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Officials: Stay away from kratom Officials are warning Minnesotans not to consume the plant known as kratom in any form because it may be contaminated with the salmonella bacteria. A multiple-state outbreak of salmonella infections was linked to consumption of the plant, according to a news release from the Minnesota Department of Health, which issued the warning along with the Minnesota Department of Agriculture, the U.S. Center for Disease Control and Prevention and the U.S. Food and Drug Administration.
President Donald Trump's proposal to impose the death penalty on certain drug dealers as part of a strategy to fight the opioid crisis drew no support from local and state experts contacted on Monday. "I think it is a typical inflammatory tough-guy remark, and really is an overreach," said Carol Falkowski, director of the St. Paul-based Drug Abuse Dialogues. "It's always a tricky business if you look at a harsh criminal justice response to what is really a public health crisis."
The Ely family was living on the sofas in various relatives' homes for a period of several months. It only made it harder for them to care for their young son, who has disabilities. "They were ... feeling overwhelmed with the prospects of trying to care for him ... (and) he just wasn't doing as well," said Heidi Favet, leader of the Ely Area Community Care Team. The family's difficulties underscore the conclusion that emerges from an annual county-by-county ranking of population health: Poverty increases the chances that people will experience poor health.
Impact seen in loss of rural maternity care A University of Minnesota study is calling attention to the consequences of declining maternity care in rural counties. According to a U of M news release, the study found that when hospitals closed in a rural county that wasn't adjacent to an urban county, residents experience an increase in out-of-hospital births, an increase in births in hospitals without obstetric units and an increase in preterm births compared to counties that continued to have obstetric services.
It's a safe guess that Austin Berglund has the coolest right forearm of anyone in his preschool. "His friends think it's so cool that he has got a grabber hand with Spiderman and the Hulk on it," said Austin's mom, Christina Berglund of Esko. The 4-year-old, who was born with part of his right arm missing, is on his third prosthetic forearm provided by Shriners Hospital for Children — Twin Cities.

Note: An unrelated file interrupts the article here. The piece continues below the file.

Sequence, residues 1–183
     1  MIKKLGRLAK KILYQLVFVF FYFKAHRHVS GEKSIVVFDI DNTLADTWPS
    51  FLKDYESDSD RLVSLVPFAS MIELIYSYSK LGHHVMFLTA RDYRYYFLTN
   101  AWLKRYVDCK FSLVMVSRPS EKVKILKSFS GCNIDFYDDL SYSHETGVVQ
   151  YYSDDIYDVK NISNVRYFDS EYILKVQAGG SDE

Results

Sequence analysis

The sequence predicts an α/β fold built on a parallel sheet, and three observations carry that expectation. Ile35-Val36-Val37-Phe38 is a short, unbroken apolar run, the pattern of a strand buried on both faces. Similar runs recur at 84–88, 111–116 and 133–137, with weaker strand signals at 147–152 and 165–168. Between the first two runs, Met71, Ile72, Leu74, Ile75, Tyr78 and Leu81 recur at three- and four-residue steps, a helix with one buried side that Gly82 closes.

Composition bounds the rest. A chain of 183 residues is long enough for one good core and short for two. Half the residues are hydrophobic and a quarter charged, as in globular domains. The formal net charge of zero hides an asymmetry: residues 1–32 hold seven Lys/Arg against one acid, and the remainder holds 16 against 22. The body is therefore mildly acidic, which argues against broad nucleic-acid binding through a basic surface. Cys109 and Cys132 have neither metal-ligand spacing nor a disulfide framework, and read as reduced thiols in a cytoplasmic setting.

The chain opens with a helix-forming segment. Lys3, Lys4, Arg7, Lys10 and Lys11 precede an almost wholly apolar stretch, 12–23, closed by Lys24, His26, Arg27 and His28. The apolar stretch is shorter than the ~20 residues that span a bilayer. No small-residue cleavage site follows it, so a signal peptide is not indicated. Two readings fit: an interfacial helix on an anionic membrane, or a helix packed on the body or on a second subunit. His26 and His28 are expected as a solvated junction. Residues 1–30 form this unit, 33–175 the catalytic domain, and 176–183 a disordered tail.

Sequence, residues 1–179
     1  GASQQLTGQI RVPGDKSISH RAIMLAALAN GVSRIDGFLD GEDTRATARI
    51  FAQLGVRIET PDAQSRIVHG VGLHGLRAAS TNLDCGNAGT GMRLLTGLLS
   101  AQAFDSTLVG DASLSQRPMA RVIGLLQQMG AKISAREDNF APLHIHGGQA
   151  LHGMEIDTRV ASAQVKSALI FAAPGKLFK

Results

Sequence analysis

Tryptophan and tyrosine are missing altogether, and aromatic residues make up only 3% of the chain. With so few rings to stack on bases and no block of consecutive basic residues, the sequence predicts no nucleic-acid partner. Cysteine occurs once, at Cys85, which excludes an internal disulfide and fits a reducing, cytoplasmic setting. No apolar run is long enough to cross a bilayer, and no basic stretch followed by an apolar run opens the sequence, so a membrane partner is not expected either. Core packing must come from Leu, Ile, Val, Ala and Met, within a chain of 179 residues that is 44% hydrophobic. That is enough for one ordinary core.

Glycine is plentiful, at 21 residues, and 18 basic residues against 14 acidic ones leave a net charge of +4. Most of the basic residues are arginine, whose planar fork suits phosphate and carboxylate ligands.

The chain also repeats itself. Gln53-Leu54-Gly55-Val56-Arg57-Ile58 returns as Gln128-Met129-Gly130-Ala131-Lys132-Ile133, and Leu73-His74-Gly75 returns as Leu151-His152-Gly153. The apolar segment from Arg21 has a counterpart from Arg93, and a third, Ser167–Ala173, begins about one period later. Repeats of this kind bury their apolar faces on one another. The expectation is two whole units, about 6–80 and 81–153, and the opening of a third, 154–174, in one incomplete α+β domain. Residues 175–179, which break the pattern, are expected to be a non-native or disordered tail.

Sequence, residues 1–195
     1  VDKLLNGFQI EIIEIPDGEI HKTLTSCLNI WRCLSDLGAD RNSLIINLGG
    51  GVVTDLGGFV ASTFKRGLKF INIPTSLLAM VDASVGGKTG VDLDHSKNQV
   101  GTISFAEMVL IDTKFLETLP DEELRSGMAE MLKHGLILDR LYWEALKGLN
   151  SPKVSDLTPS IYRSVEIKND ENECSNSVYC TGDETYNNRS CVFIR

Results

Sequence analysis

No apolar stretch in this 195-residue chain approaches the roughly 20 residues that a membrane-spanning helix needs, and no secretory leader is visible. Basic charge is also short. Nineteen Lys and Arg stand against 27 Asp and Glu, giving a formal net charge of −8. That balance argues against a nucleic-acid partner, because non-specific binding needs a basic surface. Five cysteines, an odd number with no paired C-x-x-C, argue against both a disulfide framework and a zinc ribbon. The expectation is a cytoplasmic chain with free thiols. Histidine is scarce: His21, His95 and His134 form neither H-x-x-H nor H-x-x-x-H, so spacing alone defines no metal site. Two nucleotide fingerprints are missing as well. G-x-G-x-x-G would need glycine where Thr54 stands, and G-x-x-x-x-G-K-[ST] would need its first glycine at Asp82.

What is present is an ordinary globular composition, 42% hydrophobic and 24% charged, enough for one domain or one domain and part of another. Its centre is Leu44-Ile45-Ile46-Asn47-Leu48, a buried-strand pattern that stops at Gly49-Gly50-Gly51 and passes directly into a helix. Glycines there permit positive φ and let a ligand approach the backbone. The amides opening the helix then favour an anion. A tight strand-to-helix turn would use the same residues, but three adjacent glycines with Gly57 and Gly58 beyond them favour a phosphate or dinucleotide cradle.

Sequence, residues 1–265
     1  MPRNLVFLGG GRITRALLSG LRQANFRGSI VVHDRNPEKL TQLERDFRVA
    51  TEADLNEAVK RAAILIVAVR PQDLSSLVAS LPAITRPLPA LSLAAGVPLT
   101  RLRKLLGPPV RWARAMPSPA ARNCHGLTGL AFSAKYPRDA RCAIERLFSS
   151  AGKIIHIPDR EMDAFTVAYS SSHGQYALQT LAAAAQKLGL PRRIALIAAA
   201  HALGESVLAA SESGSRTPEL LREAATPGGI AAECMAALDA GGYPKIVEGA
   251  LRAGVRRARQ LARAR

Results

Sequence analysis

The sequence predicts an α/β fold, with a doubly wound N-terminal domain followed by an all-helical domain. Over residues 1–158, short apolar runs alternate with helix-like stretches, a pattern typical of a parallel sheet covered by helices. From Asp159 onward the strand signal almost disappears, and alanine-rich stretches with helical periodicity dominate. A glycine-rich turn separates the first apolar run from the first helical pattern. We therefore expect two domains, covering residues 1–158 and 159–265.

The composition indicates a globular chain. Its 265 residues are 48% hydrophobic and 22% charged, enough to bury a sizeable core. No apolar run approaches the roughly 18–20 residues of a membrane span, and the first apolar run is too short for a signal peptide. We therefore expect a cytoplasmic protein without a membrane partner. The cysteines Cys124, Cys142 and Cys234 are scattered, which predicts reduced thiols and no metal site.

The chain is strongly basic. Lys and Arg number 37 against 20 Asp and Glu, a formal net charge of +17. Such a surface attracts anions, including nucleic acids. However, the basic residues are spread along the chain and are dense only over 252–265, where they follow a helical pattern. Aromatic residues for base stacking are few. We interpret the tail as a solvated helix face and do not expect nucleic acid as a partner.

Duluth public schools administrators are proposing tampering with the sacred cow of student-teacher ratios to balance the budget and provide money for support personnel. The School Board, in its business meeting on Monday, heard Superintendent Bill Gronseth present two options to erase a $3.1 million deficit and invest new money that could include teachers but also might add positions such as social workers and reading specialists. Option A calls for investing nearly $3 million in those areas; Option B calls for close to $1.9 million.
When Twelve Holy Apostles Greek Orthodox Church came into existence a century ago, the surrounding neighborhood was as Greek as the church. "Most of the streets around here were Greek," said the church's current priest, the Rev. Timothy Sas, as he sat in a comfortable room in the Pratchios House, across the parking lot from the church at 632 E. Second St. "The two or three blocks around here, very seldom did you come across a person who was not Greek," he said.
A couple who took their baby to urgent care at St. Luke's hospital in Duluth on New Year's Day said they expected a $45 co-pay and were surprised to get a $308 bill instead. What they learned, said Alyssa Campbell of Portland, Ore., was they had gotten urgent care but had been billed under an emergency room coding. "And that seems not right," she said. In an era of extravagant medical bills, $300 isn't a lot. It's not a heavy burden for Alyssa and her husband, Kevin, both of whom have jobs, she said.
A mix of numbers on lung cancer The rate of lung cancer is relatively low in Minnesota, according to a new report from the American Lung Association. With a rate of 55.5 new lung cancer cases per 100,000 people diagnosed every year, Minnesota ranks ninth best — i.e., ninth lowest lung cancer rate — in the country, according to the nonprofit's first-ever State of Lung Cancer report, released last week. Wisconsin has a 61.5 rate, 20th among the states. Utah has by far the lowest rate, at 29.1, and Kentucky by far the highest, at 96.8.
When Lila Hickok first met an applicant for a massage therapist position at her Superior salon, she was taken aback. Actually, "shocked" was her word. "I mean, I could tell he was blind right away because he had his cane," recalled Hickok, who owns La Peinado ("The Hairdo") at 2802 Tower Ave. "And I thought, 'Holy moly, this is going to be something.'"